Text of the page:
Shortly following the big rock is a small intermittent creek crossing (5), consisting of a nice little drop onto some wet rocks, with a quick ascent on the other side.
That picture doesn't quite do it justice - the iPhone camera's fish-eye lens really destroys depth perception. It was a big enough drop, wet enough rock, and large enough climb on the other side that I punked out and walked across - the first of two times that I felt compelled to do so on this trail. If I had been with riding companions, pride might have prodded me to make an attempt, but I'm not ashamed to walk when I feel like it.
A short while later, there is a flat, wide bridge crossing a marshy area, right next to a smallish pool of water (6).
The bridge is easy enough to navigate, but the approach to it is somewhat narrow, and missing it means landing in some mucky water. I went through here twice and didn't have a problem. This is also where I heard the most frog splashes, but I was never quick enough to actually see any of the jumpers.
I found one more intermittent creek crossing (7), this one was easier than the previous - it had a handful of loose rocks at the bottom, much easier to navigate than the last wet rock.
Shortly after that crossing, I came back to the entrance trail, I had made a full loop. Having read forum posts on trianglemtb.com, I knew there was a tricky skinny (2*6 board elevated in some manner, meant to be ridden.) somewhere in the interior that I missed. I checked my GPS, doubled back, and looked for the part of the trail I had missed.
It wasn't hard to find - two turns and short ride later, I found the skinny (8), positioned over a rather large log:
I'll admit it doesn't look to intimidating in the picture. However, my skinny-riding skills are not the greatest, and failing to properly execute this crossing would most likely result in and endo over the handlebars and a mouthful of dirt. In fact, most of the posts on the forum from people who attempted the crossing indicated just such an outcome. So, for the second time that day, I wimped out and rode around the log via the bail-out that ran to the north of the log.
In all, it was a fun afternoon. I logged only1.74 miles of trail on my gps unit - but that was only one pass with a recreational-grade gps under a heavy canopy, so that may not be the most accurate reading. My bike computer didn't really help with measurements, I spent a lot of time going back and forth, riding sections again and going back for pictures.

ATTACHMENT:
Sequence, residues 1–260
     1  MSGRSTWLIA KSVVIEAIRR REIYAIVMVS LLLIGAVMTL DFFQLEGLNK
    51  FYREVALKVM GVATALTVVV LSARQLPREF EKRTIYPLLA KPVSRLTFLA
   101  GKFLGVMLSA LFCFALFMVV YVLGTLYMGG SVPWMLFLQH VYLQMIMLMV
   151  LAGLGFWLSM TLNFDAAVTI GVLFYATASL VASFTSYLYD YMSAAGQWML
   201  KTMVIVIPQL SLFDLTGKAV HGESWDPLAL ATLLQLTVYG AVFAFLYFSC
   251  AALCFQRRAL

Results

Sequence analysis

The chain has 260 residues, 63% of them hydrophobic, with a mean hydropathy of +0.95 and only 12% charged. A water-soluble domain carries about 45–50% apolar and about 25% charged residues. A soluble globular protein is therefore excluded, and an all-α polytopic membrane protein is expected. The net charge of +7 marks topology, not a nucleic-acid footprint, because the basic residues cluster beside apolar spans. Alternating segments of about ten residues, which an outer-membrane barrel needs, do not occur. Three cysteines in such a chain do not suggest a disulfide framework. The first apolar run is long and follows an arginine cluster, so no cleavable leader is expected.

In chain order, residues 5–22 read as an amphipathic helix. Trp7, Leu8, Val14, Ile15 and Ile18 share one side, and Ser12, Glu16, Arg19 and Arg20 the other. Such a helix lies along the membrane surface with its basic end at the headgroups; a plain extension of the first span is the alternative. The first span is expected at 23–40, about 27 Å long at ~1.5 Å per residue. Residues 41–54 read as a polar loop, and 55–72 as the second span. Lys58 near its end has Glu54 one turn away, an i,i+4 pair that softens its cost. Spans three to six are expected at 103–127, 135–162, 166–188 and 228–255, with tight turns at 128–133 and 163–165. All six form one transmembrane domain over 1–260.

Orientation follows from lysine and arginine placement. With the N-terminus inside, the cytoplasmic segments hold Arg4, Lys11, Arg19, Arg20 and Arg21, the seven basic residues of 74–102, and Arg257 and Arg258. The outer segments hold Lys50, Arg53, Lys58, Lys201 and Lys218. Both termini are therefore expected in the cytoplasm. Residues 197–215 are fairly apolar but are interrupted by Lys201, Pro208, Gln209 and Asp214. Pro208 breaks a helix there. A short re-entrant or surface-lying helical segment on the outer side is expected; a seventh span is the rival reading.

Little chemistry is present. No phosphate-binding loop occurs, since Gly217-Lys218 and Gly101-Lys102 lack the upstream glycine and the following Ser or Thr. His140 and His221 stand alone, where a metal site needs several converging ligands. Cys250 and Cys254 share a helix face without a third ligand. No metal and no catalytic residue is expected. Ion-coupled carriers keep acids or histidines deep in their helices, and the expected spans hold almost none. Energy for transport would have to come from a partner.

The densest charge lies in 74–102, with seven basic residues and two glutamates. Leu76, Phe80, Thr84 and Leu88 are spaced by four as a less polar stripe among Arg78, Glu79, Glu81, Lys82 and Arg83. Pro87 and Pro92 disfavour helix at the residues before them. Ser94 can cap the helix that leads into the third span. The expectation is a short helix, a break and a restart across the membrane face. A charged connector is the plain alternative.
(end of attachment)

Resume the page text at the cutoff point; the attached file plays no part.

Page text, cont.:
I rode the entire set of trails through a few times since it takes very little time to burn through 2 miles of trail. Making it even easier is the fact that there are no large climbs in there. A few sections allow you to build up some speed, but many sections squeeze you through some narrowly spaced trees, and lots of sharp turns require some concentration and a slower pace.
The trail is still a bit soft. After they have been around for a while they will pack down, and they will be faster and smoother. One thing I really appreciated was the dearth of roots, but I suppose they might start to show up, depending on how resistant to erosion the trails turn out to be. I also encountered a few "pungee sticks", stumps from little trees that were cut down to make room for the trail - leaving behind a short, sharp, spike sticking up a few inches in the middle of the trail to puncture your tire, or your rib cage if you're unlucky enough to crash on one.
Overall, I think this is the great start of a good trail network. There's not enough distance out there right now to keep me coming back very frequently, but I'll probably make it out there once a month or so. If I worked in RTP, it would be a great spot for frequent lunchtime rides - no need to even get in the car if you have brought your bike to work.
I've included here a map image from OpenStreetMap.org - a great open source mapping tool that allows anyone to make updates to a publicly available map. If you click the above link and zoom in to the area north of I-540 where it hits Hwy 55, you should be able to see where I added the trails. (I've also added much of the Lake Crabtree County Park trails, and the Little River Park trails.)
I've noted the positions of several of the trail features on the maps - these positions are estimates, not to be used for targeting.
1. Big Log Crossing - (Advanced Entrance)
2. Small Berm - (Easy Entrance)
3. Easy-Wash Bridge (back in action!)
4. Big Rock
5. Small, Wet Rock / Intermittent Stream Crossing
6. Big Bridge, Narrow Approach
7. Intermittent Stream Crossing
Wednesday, May 27, 2009
I got an email back from Joe Godfrey, the Senior Park Planner for Cary, in response to my inquiry on the completion date of the American Tobacco Trail telling me that he expects the trail to be complete from New Hill to I-40 in mid to late August. Completion of the trail requires the completion of bridges over Panther and Northeast creeks in Chatham county, some grading and paving, the installation of info kiosks, and various other aesthetic concerns. Translating the government time line into real world time (municipalities and Microsoft both use the same alternate time measurement - much slower than real time) means that we will be lucky to get an official opening this year (the ATT pedestrian bridge over I-40 was scheduled to be finished in late 2008 as recently as 2007). However, having grown up in the area and having been witness to the construction of dozens of miles of greenway trails, I knew that the bridges and elements essential to use are often completed long before the official opening date. They use the rest of the time to finish grading and landscaping, install parking, put up warning signs that I never read, and arrange an official opening attended by local big-wigs.